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Cecil Rhodes
Cecil Rhodes
Hulton Getty Picture Archive
"Why should we not form a secret society with but one object, the furtherance of the British Empire and the bringing of the whole world under British rule, for the recovery of the United States, for making the Anglo Saxon race but one Empire? What a dream, but yet it is probable, it is possible." Cecil Rhodes wrote this in his "Confession of Faith" when he was 23. It provides an insight into his insurmountable belief that with willpower and application anything was possible. Circumstances prevented Rhodes from taking a global stage, so he made southern Africa his stamping ground, planting it with Union Jacks and settlers of British stock.

Rhodes plans for the advancement of British interests in southern Africa were made possible by his vast wealth. He had come by his fortune through his precocious activities as a diamond miner and entrepreneur. Rhodes had taken over his brother Herbert's three claims in the de Beers mine in Kimberley when he was 17. He proved an outstanding businessman and in 1872 when the other miners felt they had hit rock bottom and there were no further diamonds to mine, Rhodes purchased as many claims from despairing miners as he could in the Kimberley mines. Such bold decisions were to become his hallmark. He was not frightened to buck the trend and he believed that there were more diamonds as they were forced up from below. His gamble paid off.

Rhodes' mines went from strength to strength and in 1888, through a combination of persuasion, bullying and sharp business practice he convinced the owners of the other Kimberley mining companies to amalgamate and form Rhodes De Beers Consolidated Mines. It was the leading diamond company in the world, owning all the South African mines and thus 90% of global diamond production. This added to the major share Rhodes had acquired in the gold industry after the Witwatersrand gold strike in Transvaal in 1886.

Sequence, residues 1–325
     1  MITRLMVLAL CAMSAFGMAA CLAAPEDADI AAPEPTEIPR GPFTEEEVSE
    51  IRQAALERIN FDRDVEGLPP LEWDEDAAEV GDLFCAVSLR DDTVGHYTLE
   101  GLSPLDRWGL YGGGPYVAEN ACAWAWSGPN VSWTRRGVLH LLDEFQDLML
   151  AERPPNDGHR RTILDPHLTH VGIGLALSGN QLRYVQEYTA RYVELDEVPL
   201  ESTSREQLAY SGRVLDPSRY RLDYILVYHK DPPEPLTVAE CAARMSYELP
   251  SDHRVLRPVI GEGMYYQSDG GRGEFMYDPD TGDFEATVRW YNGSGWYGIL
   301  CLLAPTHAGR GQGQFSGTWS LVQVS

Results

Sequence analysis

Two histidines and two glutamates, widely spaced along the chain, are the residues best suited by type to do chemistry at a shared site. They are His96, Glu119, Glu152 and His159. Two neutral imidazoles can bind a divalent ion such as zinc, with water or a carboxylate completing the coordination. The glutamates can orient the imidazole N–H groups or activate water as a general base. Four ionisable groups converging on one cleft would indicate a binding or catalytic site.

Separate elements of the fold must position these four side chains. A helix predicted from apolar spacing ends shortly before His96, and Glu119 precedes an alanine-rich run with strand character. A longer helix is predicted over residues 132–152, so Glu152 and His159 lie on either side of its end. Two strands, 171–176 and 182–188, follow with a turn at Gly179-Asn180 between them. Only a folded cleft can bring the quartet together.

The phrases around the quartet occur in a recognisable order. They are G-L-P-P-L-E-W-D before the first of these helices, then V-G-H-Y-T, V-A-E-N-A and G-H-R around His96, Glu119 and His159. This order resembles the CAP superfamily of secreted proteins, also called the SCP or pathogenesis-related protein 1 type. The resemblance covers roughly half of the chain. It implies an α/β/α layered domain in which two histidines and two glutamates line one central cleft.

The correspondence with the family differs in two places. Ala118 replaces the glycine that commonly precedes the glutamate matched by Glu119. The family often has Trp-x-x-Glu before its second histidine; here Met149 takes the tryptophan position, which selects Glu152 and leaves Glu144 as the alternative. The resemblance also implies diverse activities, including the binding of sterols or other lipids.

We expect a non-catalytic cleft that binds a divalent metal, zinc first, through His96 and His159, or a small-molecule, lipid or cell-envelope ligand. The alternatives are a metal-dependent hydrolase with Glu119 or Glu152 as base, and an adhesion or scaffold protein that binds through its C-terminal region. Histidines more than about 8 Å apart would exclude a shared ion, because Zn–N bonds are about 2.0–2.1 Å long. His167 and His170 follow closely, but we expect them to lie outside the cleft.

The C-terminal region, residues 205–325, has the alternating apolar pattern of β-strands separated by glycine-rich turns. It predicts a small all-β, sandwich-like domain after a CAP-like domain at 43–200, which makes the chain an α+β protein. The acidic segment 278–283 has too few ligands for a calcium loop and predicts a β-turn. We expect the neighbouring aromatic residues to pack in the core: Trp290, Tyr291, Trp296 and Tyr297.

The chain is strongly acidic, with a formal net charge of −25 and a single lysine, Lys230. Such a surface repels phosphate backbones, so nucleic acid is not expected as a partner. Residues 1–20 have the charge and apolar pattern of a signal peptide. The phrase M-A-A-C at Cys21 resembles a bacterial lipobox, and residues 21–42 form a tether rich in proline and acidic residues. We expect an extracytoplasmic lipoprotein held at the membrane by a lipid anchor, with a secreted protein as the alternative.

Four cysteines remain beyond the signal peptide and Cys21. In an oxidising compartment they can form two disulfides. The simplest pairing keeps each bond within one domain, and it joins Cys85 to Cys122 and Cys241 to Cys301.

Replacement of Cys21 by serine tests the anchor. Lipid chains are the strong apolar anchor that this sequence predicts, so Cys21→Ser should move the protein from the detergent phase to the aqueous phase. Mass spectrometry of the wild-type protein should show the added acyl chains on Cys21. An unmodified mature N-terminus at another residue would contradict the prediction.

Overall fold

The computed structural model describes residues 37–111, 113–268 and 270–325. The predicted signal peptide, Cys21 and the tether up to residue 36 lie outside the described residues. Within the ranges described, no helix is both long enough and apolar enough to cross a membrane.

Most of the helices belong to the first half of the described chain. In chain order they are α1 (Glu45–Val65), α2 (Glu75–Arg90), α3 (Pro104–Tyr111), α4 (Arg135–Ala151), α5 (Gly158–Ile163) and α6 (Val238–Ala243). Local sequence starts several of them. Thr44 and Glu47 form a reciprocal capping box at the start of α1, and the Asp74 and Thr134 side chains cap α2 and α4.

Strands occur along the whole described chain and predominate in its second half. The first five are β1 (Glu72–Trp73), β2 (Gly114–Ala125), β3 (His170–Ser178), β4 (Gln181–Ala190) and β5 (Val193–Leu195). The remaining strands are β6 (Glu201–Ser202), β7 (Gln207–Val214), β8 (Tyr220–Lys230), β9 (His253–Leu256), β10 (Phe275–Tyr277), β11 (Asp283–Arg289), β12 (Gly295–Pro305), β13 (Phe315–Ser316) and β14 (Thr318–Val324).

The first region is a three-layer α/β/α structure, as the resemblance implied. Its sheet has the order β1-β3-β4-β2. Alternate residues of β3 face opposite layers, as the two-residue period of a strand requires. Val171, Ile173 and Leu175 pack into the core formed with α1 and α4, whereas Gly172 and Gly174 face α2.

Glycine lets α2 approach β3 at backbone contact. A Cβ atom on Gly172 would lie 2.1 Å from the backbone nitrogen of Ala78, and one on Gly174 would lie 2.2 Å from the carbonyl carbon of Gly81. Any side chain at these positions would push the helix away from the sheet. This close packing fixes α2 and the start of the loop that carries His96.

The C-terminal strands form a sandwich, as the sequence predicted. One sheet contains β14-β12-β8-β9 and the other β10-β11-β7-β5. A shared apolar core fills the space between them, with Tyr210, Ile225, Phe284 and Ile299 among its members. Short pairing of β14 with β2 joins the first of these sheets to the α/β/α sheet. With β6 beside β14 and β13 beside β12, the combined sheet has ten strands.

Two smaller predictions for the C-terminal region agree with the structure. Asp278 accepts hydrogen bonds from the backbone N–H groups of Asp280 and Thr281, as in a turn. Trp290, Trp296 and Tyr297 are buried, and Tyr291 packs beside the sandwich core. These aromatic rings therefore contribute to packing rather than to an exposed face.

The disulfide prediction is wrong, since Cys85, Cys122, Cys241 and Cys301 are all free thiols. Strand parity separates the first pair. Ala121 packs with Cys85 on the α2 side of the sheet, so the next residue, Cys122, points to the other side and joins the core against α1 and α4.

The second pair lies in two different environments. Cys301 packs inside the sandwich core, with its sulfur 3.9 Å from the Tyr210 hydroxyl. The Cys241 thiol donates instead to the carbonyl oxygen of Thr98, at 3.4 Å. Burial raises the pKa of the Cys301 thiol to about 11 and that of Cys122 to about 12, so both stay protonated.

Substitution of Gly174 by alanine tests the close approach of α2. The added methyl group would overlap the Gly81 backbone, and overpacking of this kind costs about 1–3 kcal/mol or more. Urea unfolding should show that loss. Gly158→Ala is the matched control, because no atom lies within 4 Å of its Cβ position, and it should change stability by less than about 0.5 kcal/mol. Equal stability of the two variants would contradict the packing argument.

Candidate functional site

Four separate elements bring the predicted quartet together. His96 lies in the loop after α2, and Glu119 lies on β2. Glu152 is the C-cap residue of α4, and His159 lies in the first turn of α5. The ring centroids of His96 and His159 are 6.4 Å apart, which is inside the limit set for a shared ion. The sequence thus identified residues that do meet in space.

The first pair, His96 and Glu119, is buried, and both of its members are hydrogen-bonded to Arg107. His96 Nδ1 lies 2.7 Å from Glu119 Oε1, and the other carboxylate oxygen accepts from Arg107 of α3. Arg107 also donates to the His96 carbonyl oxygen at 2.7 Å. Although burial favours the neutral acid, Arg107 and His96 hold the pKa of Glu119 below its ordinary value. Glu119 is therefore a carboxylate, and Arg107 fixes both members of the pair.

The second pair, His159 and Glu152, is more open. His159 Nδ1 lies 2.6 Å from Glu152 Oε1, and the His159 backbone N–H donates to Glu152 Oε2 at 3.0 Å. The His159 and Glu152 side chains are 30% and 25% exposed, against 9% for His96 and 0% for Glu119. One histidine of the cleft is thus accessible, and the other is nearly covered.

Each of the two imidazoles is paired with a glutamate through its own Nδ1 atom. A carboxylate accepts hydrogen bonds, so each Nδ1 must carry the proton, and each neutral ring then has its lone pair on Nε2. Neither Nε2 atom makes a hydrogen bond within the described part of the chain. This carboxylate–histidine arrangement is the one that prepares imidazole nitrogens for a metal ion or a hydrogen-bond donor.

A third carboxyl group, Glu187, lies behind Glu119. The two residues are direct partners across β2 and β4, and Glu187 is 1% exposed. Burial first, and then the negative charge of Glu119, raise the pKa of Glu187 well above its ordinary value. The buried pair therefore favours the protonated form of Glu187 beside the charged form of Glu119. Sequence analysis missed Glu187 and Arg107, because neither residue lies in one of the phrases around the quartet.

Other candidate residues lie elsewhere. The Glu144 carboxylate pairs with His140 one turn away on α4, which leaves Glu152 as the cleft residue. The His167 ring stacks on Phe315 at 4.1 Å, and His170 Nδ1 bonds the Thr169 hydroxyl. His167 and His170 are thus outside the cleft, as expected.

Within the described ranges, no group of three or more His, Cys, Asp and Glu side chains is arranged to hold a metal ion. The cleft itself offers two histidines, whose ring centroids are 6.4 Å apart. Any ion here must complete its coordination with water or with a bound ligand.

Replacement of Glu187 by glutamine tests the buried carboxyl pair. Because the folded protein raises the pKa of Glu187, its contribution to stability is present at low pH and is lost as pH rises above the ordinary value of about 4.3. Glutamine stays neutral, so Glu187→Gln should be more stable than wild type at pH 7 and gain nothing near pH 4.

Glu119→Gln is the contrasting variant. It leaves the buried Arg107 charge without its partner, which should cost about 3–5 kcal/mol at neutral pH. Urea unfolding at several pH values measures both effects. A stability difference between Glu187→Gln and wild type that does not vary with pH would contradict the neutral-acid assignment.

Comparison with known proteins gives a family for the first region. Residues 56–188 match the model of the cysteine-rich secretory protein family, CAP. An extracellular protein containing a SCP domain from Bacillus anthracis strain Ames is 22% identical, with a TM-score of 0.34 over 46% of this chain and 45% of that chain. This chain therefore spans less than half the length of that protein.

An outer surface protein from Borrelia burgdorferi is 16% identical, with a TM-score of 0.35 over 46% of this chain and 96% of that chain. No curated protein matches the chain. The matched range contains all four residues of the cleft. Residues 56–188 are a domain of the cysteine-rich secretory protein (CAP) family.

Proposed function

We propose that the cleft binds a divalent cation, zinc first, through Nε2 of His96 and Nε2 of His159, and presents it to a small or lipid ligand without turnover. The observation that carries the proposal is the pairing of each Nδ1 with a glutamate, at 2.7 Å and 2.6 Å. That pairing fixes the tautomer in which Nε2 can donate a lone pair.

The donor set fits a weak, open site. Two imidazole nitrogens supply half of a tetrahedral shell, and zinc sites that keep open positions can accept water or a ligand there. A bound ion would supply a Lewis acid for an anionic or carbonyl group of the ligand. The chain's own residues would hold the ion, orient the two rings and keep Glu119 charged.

Rhodes on Veldt
Rhodes on Veldt
De Beers

Such wealth was the means to a glorious end for Rhodes. In 1881 he became a member of the Cape Parliament. Rhodes had stated, "Africa is still lying ready for us. It is our duty to take it." By 1890 he was Prime Minister of Cape Colony and his ambitions for the Anglo Saxon rule of southern Africa had moved towards Zambesia. Rhodes' British South Africa Company obtained mining ad farming rights in Mashonaland, having successfully duped the Matabele King, Lobengula. By 1896 Rhodes' company forces had put down all resistance to his advances and a new addition to the British Empire was aptly named Rhodesia after its founder.

The only stumbling block to Rhodes' dream of British supremacy in South Africa was the protectionist Boer Republic of Transvaal. Following the discovery of a vast gold reef on the Witwatersrand Transvaal was becoming increasingly wealthy and powerful. Rhodes answer to this problem was a coup de main in which Rhodesian and Bechuanaland gendarmerie would enter Transvaal in support of an uitlander uprising in Johannesburg. What became known as the Jameson Raid was botched from the start and the raiders were easily intercepted and captured by the Boers. Rhodes' shady part in the fiasco led to his retirement from public life. The ramifications of the raid were far reaching as it was seen as the first round of a contest between Britain and Transvaal, which ultimately culminated in the Boer War between 1899 and 1902.

Rhodes death led to prolonged mourning. He was ruthless, amoral and instinctively acquisitive yet he had single-mindedly followed his plan "to make the world English." He had added Northern and Southern Rhodesia to the Empire and he was a truly useful instrument for the preservation and extension of Britain's influence in southern Africa at a time when it was in jeopardy. "So little done. So much to do," were the words falsely attributed as Rhodes last. However, the sentiments were entirely appropriate to this most resourceful and visionary icon of Empire.

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